The Chairman of the Nigeria Governors Forum, Kayode Fayemi says Boko Haram escapees from the North-East part of the country are infiltrating other parts of Nigeria as bandits and kidnappers. Fayemi said the insecurity in the country is not limited to Borno or the North-East as there is a nexus between terrorists’ activities in the North-East and banditry in the North-West as well as the kidnapping in the South. The Ekiti State governor therefore called for a holistic approach to ending menace. He said, “Insurgency is not limited to Borno State. We will be making a mistake if we do not draw a correlation between what is going on in Borno State and what is happening in other parts of the country – banditry, kidnapping, militancy, they are inextricably intertwined. Some of the insurgents that escaped from the Boko Haram territory are the ones prosecuting the banditry in the North-West, some of them are involved in the kidnapping in the South-West. “ISWAP (Islamic State West Africa Province) insurgents coming down from Sudan, from Niger (Republic) are involved in what is going on. How many states are you going to declare a state of emergency on then? So, we must take a holistic view on this.” The governor said the state governments should be given more powers to handle the security of their domains, adding that anything that will help Nigerians overcome the insecurity in the country, the Federal Government and the National Assembly must do.
About 26,458 workers who lost their jobs since the COVID-19 pandemic started taking its toll on the economy withdrew ₦14.79 billion from their Retirement Savings Accounts in 10 months. Records from the National Pension Commission have revealed that more job losers have continued to approach their Pension Funds Administrators to access parts of the funds in their Retirement Savings Accounts. In its first quarter, the commission granted approval for the payment of ₦4.31 billion to 8,221 RSA holders who were under the age of 50 years and were disengaged from work but unable to secure another job within four months of disengagement. In the second quarter, approval was granted for payment of ₦2.56 billion to 4,668 RSA holders who were under the age of 50 years and were disengaged from work but unable to secure another job within four months of disengagement during the second quarter. In the third quarter 2020, the commission granted approval for the payment of ₦8.1 billion to 13,569 RSA holders who were under the age of 50 years and were disengaged from work but unable to secure jobs within four months of disengagement. Despite the effect of the COVID-19 pandemic on the economy, the total assets under the Contributory Pension Scheme rose to ₦11.35 trillion as of the end of August, the commission revealed. According to the data from the commission, the funds rose from ₦11.08 trillion in June to ₦11.3 trillion in July. The pension commission revealed that ₦7.51 trillion or 66.27 percent of the funds had been invested in Federal Government’s securities.
The Federal Government on Monday announced that it had signed an investment promotion agreement with Singapore and Morocco. It also stated that it was in talks with the World Bank to develop a strategic plan for trade and investment in Nigeria. Permanent Secretary, Federal Ministry of Industry, Trade and Investment, Nasir Sani-Gwarzo, disclosed this at the virtual/physical technical session of officials of the 12th Meeting of the National Council on Industry, Trade and Investment in Abuja. Sani-Gwarzo said the FMITI was reviewing many policies to boost trade and investment in Nigeria, adding that it was partnering multilateral agencies to strategically reposition the sector. The permanent secretary said, “The Investment Protection Agreement with Singapore and Morocco has been signed by the Federal Government and efforts are being made to collaborate with the Ministry of Justice for the production of the instrument of ratification for the signature of Mr. President.” He said the ministry was also working to develop a coordinated approach to investment promotion within 25 states and the Federal Capital Territory.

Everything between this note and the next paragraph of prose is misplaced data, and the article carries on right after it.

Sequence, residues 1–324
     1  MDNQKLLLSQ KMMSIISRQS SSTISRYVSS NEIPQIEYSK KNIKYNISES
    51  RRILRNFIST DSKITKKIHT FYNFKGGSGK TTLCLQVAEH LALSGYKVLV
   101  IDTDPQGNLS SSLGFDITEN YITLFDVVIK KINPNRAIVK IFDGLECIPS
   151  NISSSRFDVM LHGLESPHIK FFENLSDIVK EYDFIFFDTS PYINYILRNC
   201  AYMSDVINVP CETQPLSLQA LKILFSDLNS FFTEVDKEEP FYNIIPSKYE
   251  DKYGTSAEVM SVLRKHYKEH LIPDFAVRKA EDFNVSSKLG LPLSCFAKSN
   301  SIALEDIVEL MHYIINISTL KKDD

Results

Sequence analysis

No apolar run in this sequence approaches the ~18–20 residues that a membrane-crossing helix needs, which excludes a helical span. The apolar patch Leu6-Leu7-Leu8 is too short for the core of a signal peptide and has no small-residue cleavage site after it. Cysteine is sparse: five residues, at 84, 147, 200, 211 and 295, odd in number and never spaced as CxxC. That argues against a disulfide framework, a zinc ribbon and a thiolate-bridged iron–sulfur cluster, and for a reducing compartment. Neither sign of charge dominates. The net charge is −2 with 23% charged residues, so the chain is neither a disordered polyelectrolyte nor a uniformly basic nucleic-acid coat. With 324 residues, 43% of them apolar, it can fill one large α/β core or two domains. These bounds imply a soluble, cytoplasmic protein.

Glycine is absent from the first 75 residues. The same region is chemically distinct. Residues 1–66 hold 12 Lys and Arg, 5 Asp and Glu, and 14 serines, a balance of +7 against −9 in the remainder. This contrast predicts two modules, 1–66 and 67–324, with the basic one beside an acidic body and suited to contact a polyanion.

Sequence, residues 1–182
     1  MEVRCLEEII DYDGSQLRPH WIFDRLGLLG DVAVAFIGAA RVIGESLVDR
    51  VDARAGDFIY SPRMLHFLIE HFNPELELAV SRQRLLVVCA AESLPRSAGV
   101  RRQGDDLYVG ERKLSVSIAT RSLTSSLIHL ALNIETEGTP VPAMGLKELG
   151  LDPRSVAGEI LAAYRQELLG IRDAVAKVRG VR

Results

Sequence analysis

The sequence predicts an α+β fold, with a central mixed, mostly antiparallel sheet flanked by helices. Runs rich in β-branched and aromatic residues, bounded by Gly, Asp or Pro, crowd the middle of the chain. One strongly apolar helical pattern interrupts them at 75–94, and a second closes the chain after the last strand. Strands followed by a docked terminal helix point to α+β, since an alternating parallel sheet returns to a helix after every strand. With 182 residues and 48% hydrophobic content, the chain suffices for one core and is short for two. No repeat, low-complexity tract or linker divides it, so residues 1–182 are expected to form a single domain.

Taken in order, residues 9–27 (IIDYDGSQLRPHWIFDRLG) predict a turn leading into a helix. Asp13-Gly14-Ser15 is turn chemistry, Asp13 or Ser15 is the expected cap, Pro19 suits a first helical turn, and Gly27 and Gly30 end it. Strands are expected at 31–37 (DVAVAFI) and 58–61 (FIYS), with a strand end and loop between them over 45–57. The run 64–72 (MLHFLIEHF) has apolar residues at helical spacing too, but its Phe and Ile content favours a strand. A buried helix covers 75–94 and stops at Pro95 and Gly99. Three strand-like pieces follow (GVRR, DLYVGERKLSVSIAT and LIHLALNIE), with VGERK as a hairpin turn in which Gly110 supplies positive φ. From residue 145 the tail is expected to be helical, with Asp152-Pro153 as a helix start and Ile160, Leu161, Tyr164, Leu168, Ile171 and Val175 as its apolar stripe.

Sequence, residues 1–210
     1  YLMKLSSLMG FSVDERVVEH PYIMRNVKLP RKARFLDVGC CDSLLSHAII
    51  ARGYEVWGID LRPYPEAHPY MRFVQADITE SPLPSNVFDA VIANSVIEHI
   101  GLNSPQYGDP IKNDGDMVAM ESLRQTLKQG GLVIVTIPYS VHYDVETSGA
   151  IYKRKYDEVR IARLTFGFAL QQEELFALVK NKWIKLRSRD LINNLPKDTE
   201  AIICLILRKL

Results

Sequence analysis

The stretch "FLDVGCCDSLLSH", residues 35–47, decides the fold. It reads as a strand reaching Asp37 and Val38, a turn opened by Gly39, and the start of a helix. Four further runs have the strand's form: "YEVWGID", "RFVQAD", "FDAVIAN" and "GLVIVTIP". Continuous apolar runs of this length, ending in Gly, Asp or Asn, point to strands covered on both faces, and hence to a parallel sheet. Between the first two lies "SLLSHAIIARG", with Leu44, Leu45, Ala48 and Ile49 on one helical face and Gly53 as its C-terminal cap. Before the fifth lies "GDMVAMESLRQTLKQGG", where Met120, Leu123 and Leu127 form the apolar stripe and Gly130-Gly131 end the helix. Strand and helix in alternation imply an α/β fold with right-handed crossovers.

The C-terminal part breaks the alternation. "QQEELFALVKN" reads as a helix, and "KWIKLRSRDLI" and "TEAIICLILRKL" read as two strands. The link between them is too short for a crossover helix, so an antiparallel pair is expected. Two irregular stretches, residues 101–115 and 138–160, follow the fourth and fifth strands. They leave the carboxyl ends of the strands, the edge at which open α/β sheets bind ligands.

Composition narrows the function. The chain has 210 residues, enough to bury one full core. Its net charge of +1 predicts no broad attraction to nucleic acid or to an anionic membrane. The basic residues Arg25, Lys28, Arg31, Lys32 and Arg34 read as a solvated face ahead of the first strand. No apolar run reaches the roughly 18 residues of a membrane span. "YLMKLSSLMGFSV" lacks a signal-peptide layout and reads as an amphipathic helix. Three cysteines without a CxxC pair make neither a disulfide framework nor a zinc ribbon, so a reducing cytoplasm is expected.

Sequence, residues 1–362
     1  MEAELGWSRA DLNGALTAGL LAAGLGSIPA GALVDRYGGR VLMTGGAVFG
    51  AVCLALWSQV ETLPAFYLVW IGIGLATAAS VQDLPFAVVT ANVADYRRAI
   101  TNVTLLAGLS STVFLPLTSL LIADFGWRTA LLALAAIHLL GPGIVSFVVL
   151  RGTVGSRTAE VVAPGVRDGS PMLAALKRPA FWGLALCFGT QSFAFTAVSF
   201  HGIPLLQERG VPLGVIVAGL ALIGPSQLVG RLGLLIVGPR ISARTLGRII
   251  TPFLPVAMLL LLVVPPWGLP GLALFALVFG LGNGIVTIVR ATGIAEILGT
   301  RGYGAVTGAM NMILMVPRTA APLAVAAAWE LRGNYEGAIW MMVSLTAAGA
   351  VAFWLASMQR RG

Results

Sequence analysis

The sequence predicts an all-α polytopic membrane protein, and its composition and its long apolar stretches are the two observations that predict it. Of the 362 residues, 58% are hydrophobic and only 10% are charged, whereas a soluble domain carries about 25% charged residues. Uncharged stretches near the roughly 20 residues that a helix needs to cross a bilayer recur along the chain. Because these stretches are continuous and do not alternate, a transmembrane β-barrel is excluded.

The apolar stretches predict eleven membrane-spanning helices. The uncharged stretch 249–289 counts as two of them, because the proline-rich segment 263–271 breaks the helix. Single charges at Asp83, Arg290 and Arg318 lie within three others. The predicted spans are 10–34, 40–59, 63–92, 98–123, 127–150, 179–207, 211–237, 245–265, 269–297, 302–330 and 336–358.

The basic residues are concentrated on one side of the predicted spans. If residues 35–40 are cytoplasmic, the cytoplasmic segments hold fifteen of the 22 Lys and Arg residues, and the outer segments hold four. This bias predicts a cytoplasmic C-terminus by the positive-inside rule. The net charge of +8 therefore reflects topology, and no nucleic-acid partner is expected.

Ghanaians voted Monday in a presidential election that’s expected to be tight, as the two front-runners face off for a third time. President Nana Akufo-Addo of the New Patriotic Party is seeking another four years at the helm of Africa’s top gold producer. His predecessor, John Mahama of the National Democratic Congress, aims to unseat him with a promise of mass infrastructure spending. The winner of Monday’s contest will be expected to sort out the country’s fiscal challenges. That’s after the havoc wreaked by the coronavirus pandemic drove Ghana’s ratio of debt to gross domestic product to 71% in September, the highest in four years. Before the global health crisis, the West African nation was already under fiscal pressure due to the costs of cleaning up the banking sector and meeting energy-sector liabilities. Mahama, 62, defeated Akufo-Addo in 2012 to serve his first full-term as president after completing the mandate of John Atta Mills, who died in office. Akufo-Addo, 76, then beat him in a 2016 ballot, taking over the leadership of one of the continent’s most stable democracies. The top contenders, whose parties have dominated Ghanaian politics since 1992, are competing in a race fielding 12 candidates. The country’s 17 million voters will also choose 275 lawmakers to determine if the ruling NPP will retain control of parliament.